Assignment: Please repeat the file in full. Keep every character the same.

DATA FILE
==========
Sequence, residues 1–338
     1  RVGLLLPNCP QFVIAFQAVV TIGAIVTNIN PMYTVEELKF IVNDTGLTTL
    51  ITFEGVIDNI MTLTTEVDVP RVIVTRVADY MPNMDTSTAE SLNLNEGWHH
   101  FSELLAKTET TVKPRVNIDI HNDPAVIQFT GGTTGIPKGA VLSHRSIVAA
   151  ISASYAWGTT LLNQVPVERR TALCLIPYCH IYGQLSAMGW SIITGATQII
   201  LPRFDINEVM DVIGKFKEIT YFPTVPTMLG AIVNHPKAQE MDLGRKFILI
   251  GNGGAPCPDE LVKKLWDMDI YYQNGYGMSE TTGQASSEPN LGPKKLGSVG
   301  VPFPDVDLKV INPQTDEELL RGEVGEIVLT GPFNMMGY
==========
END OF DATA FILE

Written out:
Sequence, residues 1–338
     1  RVGLLLPNCP QFVIAFQAVV TIGAIVTNIN PMYTVEELKF IVNDTGLTTL
    51  ITFEGVIDNI MTLTTEVDVP RVIVTRVADY MPNMDTSTAE SLNLNEGWHH
   101  FSELLAKTET TVKPRVNIDI HNDPAVIQFT GGTTGIPKGA VLSHRSIVAA
   151  ISASYAWGTT LLNQVPVERR TALCLIPYCH IYGQLSAMGW SIITGATQII
   201  LPRFDINEVM DVIGKFKEIT YFPTVPTMLG AIVNHPKAQE MDLGRKFILI
   251  GNGGAPCPDE LVKKLWDMDI YYQNGYGMSE TTGQASSEPN LGPKKLGSVG
   301  VPFPDVDLKV INPQTDEELL RGEVGEIVLT GPFNMMGY